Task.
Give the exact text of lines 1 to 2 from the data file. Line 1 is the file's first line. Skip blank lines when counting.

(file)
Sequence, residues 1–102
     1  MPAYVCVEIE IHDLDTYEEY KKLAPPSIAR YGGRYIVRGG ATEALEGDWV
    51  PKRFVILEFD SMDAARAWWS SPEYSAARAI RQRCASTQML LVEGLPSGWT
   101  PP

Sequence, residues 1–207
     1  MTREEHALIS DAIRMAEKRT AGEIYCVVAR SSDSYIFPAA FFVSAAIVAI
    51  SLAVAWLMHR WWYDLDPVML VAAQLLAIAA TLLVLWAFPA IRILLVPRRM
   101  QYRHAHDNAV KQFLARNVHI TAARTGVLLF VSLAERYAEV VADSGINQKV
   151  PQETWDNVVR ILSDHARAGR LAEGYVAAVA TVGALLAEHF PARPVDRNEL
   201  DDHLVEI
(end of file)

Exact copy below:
Sequence, residues 1–102
     1  MPAYVCVEIE IHDLDTYEEY KKLAPPSIAR YGGRYIVRGG ATEALEGDWV